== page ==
Underemployed Faculty @UTA

, Michael Watson, Leave a comment

A study by the Center for College Affordability and Productivity shows that the State of Texas could save millions of dollars if instructors in the University of Texas system taught more students in larger classes. One-fifth of faculty at the University of Texas-Austin teach over half the total credit hours students take. The study also showed that a high teaching load by faculty did not necessarily decrease the amount of external research funding that faculty earned.

The study, authored by Richard Vedder, Christopher Matgouranis, and Johnathan Robe, showed that the most productive quintile of instructors taught 57% of total student credit hours taken at UT-Austin. The same faculty also earned approximately one-fifth of total research funding UT-Austin received. A lower proportion of the lowest quintile in teaching productivity received external research funding than in the highest quintile. The co-authors found that more than three-fourths of all instructors received no external research funding.

The co-authors found that depending on the application of savings from increasing productivity in instruction and the amount of such increases tuition could fall to as low as $3500 per year or state subsidy could be lowered by as much as 90%. Since the vast majority of professors receive no outside research funding, the authors conclude that increasing teaching loads would not significantly reduce total research funding for the university.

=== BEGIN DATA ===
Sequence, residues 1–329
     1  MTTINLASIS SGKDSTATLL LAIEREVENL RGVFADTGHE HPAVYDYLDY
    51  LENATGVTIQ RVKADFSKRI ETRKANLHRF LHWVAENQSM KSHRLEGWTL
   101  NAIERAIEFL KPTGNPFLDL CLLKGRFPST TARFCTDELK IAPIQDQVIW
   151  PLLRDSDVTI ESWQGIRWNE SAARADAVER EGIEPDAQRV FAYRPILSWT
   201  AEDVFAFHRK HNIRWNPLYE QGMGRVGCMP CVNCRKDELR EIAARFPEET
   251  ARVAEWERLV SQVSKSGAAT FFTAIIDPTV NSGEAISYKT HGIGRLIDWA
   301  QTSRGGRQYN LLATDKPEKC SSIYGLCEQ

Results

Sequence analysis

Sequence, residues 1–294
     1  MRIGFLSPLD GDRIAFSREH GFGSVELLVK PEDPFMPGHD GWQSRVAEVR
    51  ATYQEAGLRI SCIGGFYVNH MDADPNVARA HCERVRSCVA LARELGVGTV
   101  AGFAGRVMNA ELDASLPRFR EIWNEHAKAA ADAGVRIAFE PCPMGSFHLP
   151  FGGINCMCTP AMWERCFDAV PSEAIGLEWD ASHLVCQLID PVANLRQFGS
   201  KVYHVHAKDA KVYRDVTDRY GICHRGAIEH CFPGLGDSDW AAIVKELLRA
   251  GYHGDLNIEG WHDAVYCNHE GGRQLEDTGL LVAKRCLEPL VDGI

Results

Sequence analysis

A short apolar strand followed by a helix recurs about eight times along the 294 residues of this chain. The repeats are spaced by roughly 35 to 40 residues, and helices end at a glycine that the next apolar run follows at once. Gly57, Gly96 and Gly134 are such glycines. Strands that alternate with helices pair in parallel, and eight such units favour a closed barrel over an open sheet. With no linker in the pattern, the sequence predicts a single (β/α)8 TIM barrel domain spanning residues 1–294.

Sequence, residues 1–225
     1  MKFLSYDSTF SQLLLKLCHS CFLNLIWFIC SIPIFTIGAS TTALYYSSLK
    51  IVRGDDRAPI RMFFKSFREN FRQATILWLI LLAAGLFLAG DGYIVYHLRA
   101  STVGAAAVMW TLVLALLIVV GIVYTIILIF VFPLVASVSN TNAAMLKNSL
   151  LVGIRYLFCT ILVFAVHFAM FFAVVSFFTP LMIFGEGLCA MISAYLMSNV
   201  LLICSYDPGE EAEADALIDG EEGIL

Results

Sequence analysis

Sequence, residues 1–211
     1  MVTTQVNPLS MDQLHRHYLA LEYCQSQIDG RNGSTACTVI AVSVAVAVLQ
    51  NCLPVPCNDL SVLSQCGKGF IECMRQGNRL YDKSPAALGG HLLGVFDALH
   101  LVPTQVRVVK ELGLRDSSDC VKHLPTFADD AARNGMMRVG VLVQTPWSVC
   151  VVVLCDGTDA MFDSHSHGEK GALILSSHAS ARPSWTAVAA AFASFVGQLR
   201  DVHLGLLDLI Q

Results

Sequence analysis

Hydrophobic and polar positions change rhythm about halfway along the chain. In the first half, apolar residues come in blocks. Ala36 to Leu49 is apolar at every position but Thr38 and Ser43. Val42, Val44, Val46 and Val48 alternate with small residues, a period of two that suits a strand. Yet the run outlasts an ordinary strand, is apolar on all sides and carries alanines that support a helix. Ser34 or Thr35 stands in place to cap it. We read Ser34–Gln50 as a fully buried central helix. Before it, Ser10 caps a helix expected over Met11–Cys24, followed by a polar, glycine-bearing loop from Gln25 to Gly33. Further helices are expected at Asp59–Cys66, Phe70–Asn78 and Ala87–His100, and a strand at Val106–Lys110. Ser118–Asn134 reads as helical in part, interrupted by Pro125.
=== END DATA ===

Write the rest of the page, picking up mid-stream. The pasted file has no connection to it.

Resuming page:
The co-authors generated the study from preliminary data provided by the University of Texas system which detailed the compensation, research duties, and teaching productivity of over 4000 instructors at UT-Austin. In addition to the approximately 3000 full-time and part-time faculty, the data included compensation and productivity data for over 700 “other faculty” and approximately 300 “teaching assistants.”


Michael Watson is an intern at the American Journalism Center, a training program run by Accuracy in Media and Accuracy in Academia.

If you would like to comment on this article, e-mail mal.kline@academia.org